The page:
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Pennsylvania Court Considers the Standard of Proof Required for Online Child Abuse Registry

Posted On: August 2, 2012 by Marc Neff

In G.V. v. Department of Public Welfare, Caregiver G.V. appealed the order of the Pennsylvania Department of Public Welfare (DPW), Bureau of Hearings and Appeals’, which adopted an administrative law judge’s recommendation denying petitioner’s appeal and his request to have a child abuse report against him expunged under the Child Protective Services Law, 23 Pa.C.S. §§ 6301-6386.

G.V. was accused of sexually abusing his 16 year-old great niece of whom his wife and himself had custody. An investigation was conducted and a report was filed with the ChildLine and Abuse Registry (ChildLine Registry) listing him as a perpetrator of child abuse. A subsequent hearing was held at which time petitioner’s request for expungement was denied. The court held that there was substantial evidence to support the indicated report of child abuse based on the testimony of the niece and a county children and youth social service agency investigator. However, the court addressed the standard that must be met in order for an indicated report of child abuse summary to be maintained on the ChildLine Registry and held that substantial evidence must support a determination of whether child abuse has occurred, but there must be clear and convincing evidence of child abuse to maintain statutorily-designated information from an indicated report on the ChildLine Registry. The court was unsure whether that standard was met in the case.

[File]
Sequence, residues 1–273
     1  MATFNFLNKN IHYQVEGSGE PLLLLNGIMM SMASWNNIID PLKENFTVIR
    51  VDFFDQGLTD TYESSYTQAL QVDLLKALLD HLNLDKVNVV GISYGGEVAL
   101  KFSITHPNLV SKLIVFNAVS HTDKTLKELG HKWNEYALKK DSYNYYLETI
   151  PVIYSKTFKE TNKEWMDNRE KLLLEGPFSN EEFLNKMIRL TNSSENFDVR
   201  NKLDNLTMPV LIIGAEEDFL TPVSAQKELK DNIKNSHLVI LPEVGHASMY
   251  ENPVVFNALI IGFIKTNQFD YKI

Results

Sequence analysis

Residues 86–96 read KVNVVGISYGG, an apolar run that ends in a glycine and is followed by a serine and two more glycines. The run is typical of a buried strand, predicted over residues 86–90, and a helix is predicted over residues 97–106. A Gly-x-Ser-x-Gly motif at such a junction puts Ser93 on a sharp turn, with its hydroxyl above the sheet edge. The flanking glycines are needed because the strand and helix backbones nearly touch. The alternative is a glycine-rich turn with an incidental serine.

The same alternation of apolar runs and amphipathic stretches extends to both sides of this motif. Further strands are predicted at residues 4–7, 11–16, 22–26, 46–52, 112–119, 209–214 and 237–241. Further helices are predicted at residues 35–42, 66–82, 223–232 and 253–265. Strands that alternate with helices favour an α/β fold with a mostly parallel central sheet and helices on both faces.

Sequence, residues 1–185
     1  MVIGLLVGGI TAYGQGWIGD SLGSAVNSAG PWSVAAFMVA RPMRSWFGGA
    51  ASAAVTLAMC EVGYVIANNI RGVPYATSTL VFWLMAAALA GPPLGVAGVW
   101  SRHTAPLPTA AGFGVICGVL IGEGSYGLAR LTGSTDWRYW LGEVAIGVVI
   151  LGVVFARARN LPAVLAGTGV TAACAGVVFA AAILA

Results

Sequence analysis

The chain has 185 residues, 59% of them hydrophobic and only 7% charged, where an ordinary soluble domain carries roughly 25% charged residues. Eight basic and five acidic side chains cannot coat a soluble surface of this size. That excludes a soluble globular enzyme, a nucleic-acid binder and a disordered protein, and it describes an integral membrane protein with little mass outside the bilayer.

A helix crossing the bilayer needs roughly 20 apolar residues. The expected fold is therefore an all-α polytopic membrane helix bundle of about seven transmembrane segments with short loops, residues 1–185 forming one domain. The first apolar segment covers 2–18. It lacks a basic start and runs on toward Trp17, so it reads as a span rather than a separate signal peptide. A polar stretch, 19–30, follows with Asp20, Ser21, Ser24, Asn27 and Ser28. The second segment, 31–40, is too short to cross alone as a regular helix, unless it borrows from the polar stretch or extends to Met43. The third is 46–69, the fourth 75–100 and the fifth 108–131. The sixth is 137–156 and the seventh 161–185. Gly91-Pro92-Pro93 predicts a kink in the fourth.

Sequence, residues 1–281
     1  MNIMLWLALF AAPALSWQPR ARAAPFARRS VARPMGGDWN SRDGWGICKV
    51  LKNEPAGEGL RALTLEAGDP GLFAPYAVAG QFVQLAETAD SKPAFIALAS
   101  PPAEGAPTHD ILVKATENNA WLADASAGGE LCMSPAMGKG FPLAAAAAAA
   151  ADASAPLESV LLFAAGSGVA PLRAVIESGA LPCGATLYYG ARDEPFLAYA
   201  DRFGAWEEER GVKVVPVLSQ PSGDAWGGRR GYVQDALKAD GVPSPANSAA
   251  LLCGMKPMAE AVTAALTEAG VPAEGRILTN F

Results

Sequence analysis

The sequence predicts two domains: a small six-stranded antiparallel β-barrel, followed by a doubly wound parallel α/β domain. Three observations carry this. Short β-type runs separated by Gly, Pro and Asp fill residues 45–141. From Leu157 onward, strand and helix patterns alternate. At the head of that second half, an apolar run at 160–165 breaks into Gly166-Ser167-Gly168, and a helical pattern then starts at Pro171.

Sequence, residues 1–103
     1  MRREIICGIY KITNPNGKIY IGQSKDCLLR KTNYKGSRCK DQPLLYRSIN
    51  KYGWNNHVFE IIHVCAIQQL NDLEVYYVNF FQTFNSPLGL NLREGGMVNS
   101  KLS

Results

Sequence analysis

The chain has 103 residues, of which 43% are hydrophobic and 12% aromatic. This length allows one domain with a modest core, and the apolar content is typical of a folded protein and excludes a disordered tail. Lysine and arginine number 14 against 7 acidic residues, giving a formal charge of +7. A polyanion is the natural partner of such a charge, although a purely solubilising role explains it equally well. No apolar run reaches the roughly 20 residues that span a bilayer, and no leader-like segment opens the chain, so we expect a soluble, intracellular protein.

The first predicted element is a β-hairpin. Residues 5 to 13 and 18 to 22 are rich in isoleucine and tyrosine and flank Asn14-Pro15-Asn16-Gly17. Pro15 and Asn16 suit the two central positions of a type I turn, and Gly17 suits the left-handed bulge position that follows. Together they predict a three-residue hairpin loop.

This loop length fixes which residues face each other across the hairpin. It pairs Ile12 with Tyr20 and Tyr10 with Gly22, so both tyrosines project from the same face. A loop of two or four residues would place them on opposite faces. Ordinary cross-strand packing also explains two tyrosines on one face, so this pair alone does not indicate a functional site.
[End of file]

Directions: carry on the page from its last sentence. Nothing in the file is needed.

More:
The court held that, “An indicated child abuse report impacts upon three competing interests: (1) the child, (2) the accused perpetrator, and (3) limited government officials, law enforcement and individuals. The Pennsylvania General Assembly has clearly stated that the lowest evidentiary standard is to be applied where the safety and well-being of the child is in question. Accordingly, any doubt of harm will be resolved in favor of providing protection to the child. However, completely absent from the Child Protective Services Law, 23 Pa.C.S. § 6303(a), is the standard of proof required to maintain designated information from the indicated report on the ChildLine Registry or to disclose it to limited outside third parties.”

Because of this unclear standard, the court vacated the order denying petitioner’s appeal and remanded the matter to DPW for a hearing to determine whether there was clear and convincing evidence to maintain disclosure of petitioner’s child abuse on the ChildLine Registry.


All persons charged with crimes are entitled to the protections afforded by the United States Constitution. An experienced criminal defense attorney helps to ensure that a defendant’s rights are protected before, during and after a trial. If you have been charged with or convicted of a criminal offense, you should consult with a criminal defense attorney immediately. For a confidential consultation, contact the Law Offices of Marc Neff at (215) 563-9800 or via email at marc@nefflawoffices.com

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Posted in: Sex Crimes & Abuse Allegations